Mattel’s HIT Entertainment Firing Up Thomas the Tank Engine (Exclusive)

Thomas the Tank Engine - H 2013

Thomas the Tank Engine - H 2013

A new direct-to-DVD movie will help ramp up the 67-year-old preschool kids franchise, accompanied by premieres, promotions and new toys

Kourtney Kardashian and her son, Mason, will be among the celebrities and special guests walking the “blue carpet” at the Grove in Los Angeles this Sunday for the American premiere of Thomas & Friends: Kings of the Railway the Movie.

However, this 60-minute animated film won’t be playing in theaters afterward; it will be a direct-to-DVD release Sept. 17 through Lionsgate, as part of a deal with London-based HIT Entertainment, which was acquired by Mattel in 2011.

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It is part of a multimillion dollar promotional push by the big American toy maker to reposition Thomas the Tank Engine -- a 67-year-old print and video franchise -- to make it more of a household brand name that can compete on TV and video and on toy store shelves with its other long-running toys like Barbie and Hot Wheels.

Already a franchise estimated to be worth more than $1 billion -- with a related series Thomas and Friends airing on PBS and Sprout -- the effort will include similar promotional events built around the movie in the U.S., Latin America, and Canada over the coming weeks, including a visit to the Mall of America in Minneapolis on Sept. 24.

“They can interact and meet with all the characters from the brand and have a full day out with them,” says Sid Mathur, vp HIT Entertainment, the Americas. “That’s what completes the picture for me, because it’s not just about dealing with the traditional and new mediums of communicating with your brand, but also trying to bring your brand to life.”

Along with the movie, there will be a digital app with games and clips that lead back to the revised Thomas and Friends website. There are also about 40 new items, including Stephen, one of several new trains that will hit toy stores including Toys R Us, Target and Walmart.
Toys R Us also will host special events, such as a theme scavenger hunt.

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Stephen is a rocket train based on the “Stephenson Rocket,” which was an advanced steam engine in its day. It is being produced by Mattel’s Fisher-Price division.

This is part of a process of adding elements to freshen the franchise in the movies, which is done about once a year.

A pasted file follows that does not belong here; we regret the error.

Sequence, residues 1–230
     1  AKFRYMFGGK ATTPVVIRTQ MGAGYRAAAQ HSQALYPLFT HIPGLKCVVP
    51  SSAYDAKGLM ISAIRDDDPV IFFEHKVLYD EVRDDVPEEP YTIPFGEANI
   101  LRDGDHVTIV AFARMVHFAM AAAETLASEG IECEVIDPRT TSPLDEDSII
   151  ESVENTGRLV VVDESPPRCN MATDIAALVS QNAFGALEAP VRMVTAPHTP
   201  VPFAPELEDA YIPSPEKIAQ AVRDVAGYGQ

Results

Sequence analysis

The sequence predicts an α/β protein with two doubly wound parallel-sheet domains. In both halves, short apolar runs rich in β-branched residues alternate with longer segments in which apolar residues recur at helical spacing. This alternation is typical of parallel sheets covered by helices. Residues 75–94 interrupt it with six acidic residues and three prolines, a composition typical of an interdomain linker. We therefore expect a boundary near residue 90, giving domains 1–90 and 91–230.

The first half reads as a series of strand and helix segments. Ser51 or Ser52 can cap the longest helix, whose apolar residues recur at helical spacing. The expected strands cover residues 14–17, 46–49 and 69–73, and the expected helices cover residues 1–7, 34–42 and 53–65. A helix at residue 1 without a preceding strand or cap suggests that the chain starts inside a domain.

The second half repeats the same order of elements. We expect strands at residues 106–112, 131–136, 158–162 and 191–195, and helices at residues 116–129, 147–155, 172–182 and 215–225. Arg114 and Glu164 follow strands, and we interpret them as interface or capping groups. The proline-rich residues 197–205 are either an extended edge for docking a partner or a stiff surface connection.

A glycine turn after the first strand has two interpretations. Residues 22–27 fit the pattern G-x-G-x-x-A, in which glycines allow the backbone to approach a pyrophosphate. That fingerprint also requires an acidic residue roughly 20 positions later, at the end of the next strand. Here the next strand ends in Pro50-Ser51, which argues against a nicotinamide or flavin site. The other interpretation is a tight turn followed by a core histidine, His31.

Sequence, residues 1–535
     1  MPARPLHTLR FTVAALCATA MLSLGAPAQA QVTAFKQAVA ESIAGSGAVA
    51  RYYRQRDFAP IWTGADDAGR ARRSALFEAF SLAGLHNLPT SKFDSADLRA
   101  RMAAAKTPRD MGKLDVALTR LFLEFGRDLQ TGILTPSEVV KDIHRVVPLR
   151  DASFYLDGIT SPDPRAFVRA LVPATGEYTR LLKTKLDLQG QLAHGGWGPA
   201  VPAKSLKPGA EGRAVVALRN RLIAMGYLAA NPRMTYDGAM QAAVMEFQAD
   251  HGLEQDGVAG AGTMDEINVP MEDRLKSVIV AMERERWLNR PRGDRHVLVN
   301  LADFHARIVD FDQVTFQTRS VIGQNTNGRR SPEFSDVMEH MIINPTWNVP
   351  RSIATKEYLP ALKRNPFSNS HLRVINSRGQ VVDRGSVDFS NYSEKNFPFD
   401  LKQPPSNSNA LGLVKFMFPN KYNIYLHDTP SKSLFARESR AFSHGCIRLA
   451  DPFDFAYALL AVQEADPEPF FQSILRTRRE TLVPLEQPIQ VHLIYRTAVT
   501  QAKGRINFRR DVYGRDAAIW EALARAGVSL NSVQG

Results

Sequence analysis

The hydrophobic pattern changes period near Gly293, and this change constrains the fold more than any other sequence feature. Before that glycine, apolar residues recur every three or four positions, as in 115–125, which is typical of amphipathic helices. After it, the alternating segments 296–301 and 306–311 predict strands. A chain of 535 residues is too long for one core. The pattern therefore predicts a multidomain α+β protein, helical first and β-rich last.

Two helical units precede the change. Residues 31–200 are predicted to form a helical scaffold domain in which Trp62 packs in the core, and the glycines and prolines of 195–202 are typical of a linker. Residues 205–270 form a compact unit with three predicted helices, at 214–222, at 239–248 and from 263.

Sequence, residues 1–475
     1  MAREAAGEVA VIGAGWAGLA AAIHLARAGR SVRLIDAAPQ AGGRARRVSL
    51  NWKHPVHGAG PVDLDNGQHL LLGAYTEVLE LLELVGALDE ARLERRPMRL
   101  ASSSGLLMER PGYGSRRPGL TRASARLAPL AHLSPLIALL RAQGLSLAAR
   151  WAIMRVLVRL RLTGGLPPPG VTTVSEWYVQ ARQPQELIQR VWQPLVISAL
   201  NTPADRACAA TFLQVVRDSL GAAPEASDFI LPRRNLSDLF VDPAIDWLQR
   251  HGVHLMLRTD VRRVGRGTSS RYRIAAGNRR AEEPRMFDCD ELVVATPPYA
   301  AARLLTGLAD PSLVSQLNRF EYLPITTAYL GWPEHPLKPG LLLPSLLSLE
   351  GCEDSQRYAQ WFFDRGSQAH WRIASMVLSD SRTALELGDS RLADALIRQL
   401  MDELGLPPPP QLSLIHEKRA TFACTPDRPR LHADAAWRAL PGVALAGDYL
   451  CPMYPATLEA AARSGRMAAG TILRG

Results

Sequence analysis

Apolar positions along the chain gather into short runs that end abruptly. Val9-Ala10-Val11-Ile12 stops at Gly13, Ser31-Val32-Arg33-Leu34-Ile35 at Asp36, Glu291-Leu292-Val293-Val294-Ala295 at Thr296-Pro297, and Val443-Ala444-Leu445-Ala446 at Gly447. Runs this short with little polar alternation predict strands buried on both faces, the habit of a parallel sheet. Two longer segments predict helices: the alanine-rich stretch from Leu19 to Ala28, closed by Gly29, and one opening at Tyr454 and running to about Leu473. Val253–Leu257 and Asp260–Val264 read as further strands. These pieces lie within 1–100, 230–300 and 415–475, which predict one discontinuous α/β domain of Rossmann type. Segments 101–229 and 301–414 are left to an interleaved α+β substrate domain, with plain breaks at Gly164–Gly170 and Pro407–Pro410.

“We pick an attribute [to feature] every single year,” says Mathur, “and try to weave a story around it, which kind of delivers the lesson in a meaningful and entertaining way. That is how we try to differentiate it from the daily and weekly content.”

King of the Railway’s overarching theme is how to assimilate in a diverse environment, says Mathur, such as meeting new friends when a child moves to a new city.

There are also promotional tie-ins, including one with Great Day Farms Eggs that will move the advertising effort from the toy department into food stores.

“There are certain core categories of products that relate to this particular manifestation,” says Mathur. “Building a marketing plan around all of those things is what makes this different because you will have specific TV drivers. You do a global launch in terms of toys that will be themed around the movie property that will be advertised in the media and other manifestations. There will be books and apparel themed around the event, so you basically create a holistic program that writes the message of Thomas and King of the Railway as an activation plan for this event.”

As much as they want to refresh the brand, Mathur says they also have to keep it true to its heritage. “You’re trying to give kids life lessons about socio-emotional upbringing in an entertaining way,” explains Mathur. “So you can’t move away from those roots and say, OK, these are no longer important, because the moment you do it you lose the prime DNA.”

Part of that change is to expand the way the franchise interacts and reaches its audience using the latest technology.

“If you were a kid born in 1950,”‘ says Mathur, “then you probably only had one way of interacting with the brand, which was the book. If you were a kid born in the 1980s, the way you primarily connected with this brand was through the VHS tapes that we had created. If you were born in the 1990s, then the way you interacted with the brand was through the TV series. If you were a kid who was born in 2010, you may be interacting with the brand through either Netflix or the television broadcast and now through the app.”